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J Neurophysiol. 2003 Oct;90(4):2438-50.

Retinogeniculate synaptic properties controlling spike number and timing in relay neurons.

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Department of Neurobiology, Harvard Medical School, Boston, Massachusetts 02115, USA.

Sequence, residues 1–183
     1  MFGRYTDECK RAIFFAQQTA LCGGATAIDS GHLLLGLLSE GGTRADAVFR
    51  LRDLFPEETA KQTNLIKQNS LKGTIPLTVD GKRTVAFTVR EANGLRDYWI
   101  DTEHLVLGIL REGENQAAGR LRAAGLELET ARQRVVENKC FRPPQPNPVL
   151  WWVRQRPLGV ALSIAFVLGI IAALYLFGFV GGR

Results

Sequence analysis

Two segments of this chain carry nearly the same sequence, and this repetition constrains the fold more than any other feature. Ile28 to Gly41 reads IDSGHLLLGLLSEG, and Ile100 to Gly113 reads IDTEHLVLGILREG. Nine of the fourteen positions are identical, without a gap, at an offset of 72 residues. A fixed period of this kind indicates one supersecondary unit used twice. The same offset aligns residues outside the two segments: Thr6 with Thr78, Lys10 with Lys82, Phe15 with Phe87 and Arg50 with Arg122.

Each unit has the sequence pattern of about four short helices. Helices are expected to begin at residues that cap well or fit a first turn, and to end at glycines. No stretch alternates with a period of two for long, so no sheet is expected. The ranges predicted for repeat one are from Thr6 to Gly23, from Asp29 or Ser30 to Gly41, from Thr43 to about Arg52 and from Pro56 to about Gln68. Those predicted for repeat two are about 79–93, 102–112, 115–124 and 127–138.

Retinal ganglion cells (RGC) transmit visual signals to thalamocortical relay neurons in the lateral geniculate nucleus via retinogeniculate synapses. Relay neuron spike patterns do not simply reflect those of RGCs, but the mechanisms controlling this transformation are not well understood. We therefore examined synaptic properties controlling the strength and precision of relay neuron firing in mouse (p28-33) brain slices using physiological stimulation patterns and a combination of current clamp and dynamic clamp. In tonic mode (-55 mV), activation of single RGC inputs elicited stereotyped responses in a given neuron. In contrast, responses in different neurons varied from unreliable, to faithfully following, to a gain in the number of spikes. Dynamic clamp experiments indicated these different responses primarily reflected variability in the amplitudes of the N-methyl-d-aspartate (NMDA) and AMPA components. Each of these components played a distinct role in transmission. The AMPA component evoked a single precisely timed, short-latency spike per stimulus, but efficacy decreased during repetitive stimulation due to desensitization and depression. The NMDA component elicited longer-latency spikes and multiple spikes per stimulus and became more effective during repetitive stimuli that led to NMDA current summation. We found that in burst mode (-75 mV), where low-threshold calcium spikes are activated, AMPA and NMDA components and synaptic plasticity influenced spike number, but no combination enabled relay cells to faithfully follow the stimulus. Thus the characteristics of AMPA and NMDA currents, the ratio of these currents and use-dependent plasticity interact to shape how RGC activity is conveyed to relay neurons.

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